Department of Economics
140 Commonwealth Ave
Chestnut Hill, MA 02467
Institutional Affiliation: Charles River Associates
Information about this author at RePEc
NBER Working Papers and Publications
|September 2011||Does Short-Term Debt Increase Vulnerability to Crisis? Evidence from the East Asian Financial Crisis|
with Efraim Benmelech: w17468
Does short-term debt increase vulnerability to financial crisis, or does short-term debt reflect -- rather than cause -- the incipient crisis? We study the role that short-term debt played in the collapse of the East Asian financial sector in 1997-1998. We alleviate concerns about the endogeneity of short-term debt by using long-term debt obligations that matured during the crisis. We find that debt obligations issued at least three years before the crisis had a negative, albeit sometimes insignificant, effect on the probability of failure. Our results are consistent with the view that short-term debt reflects, rather than causes, distress in financial institutions.
- Eyal Dvir & Efraim Benmelech, 2010. "Does short-term debt increase vulnerability to crisis? Evidence from the East Asian financial crisis," Proceedings, Federal Reserve Bank of San Francisco, issue Oct. citation courtesy of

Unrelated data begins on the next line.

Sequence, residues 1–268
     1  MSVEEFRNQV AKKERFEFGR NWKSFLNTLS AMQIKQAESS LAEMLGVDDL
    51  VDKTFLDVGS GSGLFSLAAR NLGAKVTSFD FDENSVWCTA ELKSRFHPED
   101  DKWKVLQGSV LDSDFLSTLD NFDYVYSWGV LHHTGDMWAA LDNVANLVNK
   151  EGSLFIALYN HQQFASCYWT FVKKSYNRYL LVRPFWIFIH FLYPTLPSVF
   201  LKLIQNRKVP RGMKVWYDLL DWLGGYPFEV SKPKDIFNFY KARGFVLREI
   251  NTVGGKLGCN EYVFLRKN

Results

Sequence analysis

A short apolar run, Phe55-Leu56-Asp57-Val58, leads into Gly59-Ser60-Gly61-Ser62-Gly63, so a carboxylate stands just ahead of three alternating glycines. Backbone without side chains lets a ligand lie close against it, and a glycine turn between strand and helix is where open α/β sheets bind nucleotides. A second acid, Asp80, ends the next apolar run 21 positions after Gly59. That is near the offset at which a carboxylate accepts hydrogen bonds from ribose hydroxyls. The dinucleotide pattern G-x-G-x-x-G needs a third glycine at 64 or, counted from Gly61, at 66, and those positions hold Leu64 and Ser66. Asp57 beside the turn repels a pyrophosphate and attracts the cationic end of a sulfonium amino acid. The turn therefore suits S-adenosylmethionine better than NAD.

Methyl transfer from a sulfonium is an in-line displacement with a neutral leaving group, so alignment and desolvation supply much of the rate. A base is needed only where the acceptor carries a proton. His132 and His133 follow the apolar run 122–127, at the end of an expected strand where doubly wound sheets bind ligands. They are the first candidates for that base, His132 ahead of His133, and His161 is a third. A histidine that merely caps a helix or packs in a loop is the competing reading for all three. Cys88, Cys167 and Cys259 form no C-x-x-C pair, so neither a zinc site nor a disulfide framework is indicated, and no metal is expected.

- Benmelech, Efraim & Dvir, Eyal, 2013. "Does Short-Term Debt Increase Vulnerability to Crisis? Evidence from the East Asian Financial Crisis," Journal of International Economics, Elsevier, vol. 89(2), pages 485-494. citation courtesy of
|April 2009||Three Epochs of Oil|
with Kenneth S. Rogoff: w14927
We test for changes in price behavior in the longest crude oil price series available (1861-2008). We find strong evidence for changes in persistence and in volatility of price across three well defined periods. We argue that historically, the real price of oil has tended to be highly persistent and volatile whenever rapid industrialization in a major world economy coincided with uncertainty regarding access to supply. We present a modified commodity storage model that fully incorporates demand, and further can accommodate both transitory and permanent shocks. We show that the role of storage when demand is subject to persistent growth shocks is speculative, instead of its classic mitigating role. This result helps to account for the increased volatility of oil price we observe in these pe...